Disabled activists sit in at the Knesset plenum discussing goverment allowances for the disabled, September 18, 2017..
(photo credit: MARC ISRAEL SELLEM/THE JERUSALEM POST)
Prominent coalition members, including Social Services and Labor Minister Haim Katz (Likud), coalition chairman David Bitan (Likud) and Finance Committee chairman Moshe Gafni (United Torah Judaism) support the proposal to raise disability benefits to the level of the minimum wage. But the government reiterated on Monday that it will not support it.
Katz boycotted the Knesset debate, which took place during its summer recess, because he disagrees with the government’s official position.
In recent months, disabled people have demonstrated around the country, blocking major traffic arteries, calling to raise the monthly stipends they receive from NIS 2,342 to NIS 5,000. The proposal received support from in the coalition and opposition, and Prime Minister Benjamin Netanyahu and Finance Minister Moshe Kahlon
(Kulanu) responded by promising to raise the stipends after the holidays, but not to the level of the minimum wage.
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Gafni vowed that he will not allow any financial decisions to be approved until disability stipends are raised.
Yesh Atid chairman Yair Lapid, whose party is in the opposition, argued that if a party threatened to leave the coalition over disability stipends, then Netanyahu would raise them.
"Does anyone have any doubt? He'd think that because he's under investigation now
, it's not a comfortable time for an election...This is the only language [this government] understands. If you blackmail, you get the funds you want; people who need it, don't get it," Lapid said.
Health Minister Ya’acov Litzman (UTJ) presented the government position, reading off of a paper written by the National Economics Council, which said that after the High Holy Days, the government plans to begin an increase in disability benefits by NIS 4 billion over the next four years. Disabled people who cannot work will have their stipends raised to NIS 3,200 per month, and the stipend for severely disabled people will increase to NIS 4,000. Monthly earnings up to NIS 4,200 will not be counted against disability benefits.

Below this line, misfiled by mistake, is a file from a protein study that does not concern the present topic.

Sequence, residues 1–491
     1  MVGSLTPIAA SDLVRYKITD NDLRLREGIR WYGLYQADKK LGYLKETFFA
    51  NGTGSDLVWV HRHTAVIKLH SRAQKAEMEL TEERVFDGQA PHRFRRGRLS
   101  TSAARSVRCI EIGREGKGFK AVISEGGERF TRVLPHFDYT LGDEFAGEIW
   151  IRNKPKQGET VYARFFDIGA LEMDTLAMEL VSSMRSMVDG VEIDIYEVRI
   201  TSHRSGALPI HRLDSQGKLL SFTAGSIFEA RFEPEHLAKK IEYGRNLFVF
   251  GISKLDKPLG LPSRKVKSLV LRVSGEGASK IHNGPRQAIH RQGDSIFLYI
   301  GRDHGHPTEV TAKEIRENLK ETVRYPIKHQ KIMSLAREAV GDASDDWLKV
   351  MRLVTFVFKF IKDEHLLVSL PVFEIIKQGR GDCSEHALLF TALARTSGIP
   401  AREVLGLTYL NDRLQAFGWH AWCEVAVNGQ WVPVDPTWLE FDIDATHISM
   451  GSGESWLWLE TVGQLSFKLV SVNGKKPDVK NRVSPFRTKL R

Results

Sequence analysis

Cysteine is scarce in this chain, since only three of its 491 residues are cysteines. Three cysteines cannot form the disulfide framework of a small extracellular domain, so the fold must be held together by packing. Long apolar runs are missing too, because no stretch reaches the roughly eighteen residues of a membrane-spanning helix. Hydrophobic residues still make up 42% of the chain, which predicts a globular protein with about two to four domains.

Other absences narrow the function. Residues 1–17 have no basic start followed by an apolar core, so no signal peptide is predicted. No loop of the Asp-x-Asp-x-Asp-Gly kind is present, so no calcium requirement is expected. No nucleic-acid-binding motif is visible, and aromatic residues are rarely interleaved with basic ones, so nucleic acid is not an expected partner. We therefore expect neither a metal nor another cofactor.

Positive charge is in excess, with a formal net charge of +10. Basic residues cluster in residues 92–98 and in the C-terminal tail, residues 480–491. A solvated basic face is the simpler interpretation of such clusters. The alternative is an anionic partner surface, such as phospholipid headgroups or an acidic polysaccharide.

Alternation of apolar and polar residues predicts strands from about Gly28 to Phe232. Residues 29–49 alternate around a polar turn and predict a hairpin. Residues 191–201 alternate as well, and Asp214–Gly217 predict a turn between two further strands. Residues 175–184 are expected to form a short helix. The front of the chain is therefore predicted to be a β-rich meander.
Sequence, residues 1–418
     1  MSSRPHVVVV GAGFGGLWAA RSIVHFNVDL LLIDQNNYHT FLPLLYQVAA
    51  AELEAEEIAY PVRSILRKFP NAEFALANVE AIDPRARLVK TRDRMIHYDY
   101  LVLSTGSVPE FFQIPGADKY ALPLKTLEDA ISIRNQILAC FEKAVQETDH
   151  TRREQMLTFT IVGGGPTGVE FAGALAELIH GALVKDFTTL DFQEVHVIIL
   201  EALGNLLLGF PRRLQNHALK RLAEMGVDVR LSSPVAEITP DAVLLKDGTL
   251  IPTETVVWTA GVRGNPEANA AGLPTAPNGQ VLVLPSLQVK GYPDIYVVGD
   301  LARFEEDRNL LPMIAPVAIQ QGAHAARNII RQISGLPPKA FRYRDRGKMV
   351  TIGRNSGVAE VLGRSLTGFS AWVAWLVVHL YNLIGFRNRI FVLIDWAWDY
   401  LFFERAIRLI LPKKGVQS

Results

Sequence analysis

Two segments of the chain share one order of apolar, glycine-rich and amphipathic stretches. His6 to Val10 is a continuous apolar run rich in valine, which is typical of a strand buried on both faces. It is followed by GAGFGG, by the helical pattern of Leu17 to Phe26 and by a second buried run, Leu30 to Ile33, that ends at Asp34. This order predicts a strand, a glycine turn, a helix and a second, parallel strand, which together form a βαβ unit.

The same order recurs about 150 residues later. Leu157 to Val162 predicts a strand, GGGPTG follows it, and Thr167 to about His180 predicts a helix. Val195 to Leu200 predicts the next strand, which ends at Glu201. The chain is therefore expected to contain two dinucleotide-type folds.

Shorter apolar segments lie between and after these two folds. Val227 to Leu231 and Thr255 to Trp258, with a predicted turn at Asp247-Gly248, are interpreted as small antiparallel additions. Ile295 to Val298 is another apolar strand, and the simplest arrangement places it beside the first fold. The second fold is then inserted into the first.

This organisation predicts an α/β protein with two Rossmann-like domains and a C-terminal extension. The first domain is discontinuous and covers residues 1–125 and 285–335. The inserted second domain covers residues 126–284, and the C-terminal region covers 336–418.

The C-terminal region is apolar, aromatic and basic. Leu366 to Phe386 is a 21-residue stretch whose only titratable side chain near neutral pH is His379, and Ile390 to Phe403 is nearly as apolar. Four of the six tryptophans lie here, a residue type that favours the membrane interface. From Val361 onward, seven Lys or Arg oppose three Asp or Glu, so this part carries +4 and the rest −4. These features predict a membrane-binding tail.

Then, Litzman went offbook and blamed Lapid, saying that the former finance minister had been willing to have the government lose NIS 3b. in revenue annually by canceling value-added tax on home sales, which was Lapid’s flagship policy, but he didn’t divert more funds to the disabled.
“You should lie less before Rosh Hashana,” Lapid shouted. “There wasn’t enough money then.”
Litzman retorted: “You had the money, you had NIS 3b., and we fought in the Finance Committee. You wanted to waste it and not give it to disabled people.”
Zionist Union MK Itzik Shmuly accused the government of treating disabled people “like rags on the street, without a drop of sensitivity.”
“Disabled people are not one of this government’s priorities,” he said. “Our leaders forgot that the role of the shepherd is to take care of the sheep – even the weak sheep.”
Ahead of the debate, disabled people and their supporters protested outside the Knesset, and their leadership met with the Zionist Union faction.
Zionist Union and Labor Party chairman Avi Gabbay said: “The way to change reality is for us to win the [next] election. A month later, we will change the law so you get minimum wage.”
Some of the activists cried about their situation when telling their stories to the Zionist Union MKs.
Naomi Moravia, chairwoman of the Disabled Struggle Campaign, said many of the protesters are not able to put food on their tables for Rosh Hashana.
“This government has no leadership,” she said. “It treats us like cockroaches. We can’t be bought with NIS 300-NIS 400 [per month]. Our prime minister is in a different universe. He says our economy is doing well when people are suffering?”
Gil Hoffman contributed to this report.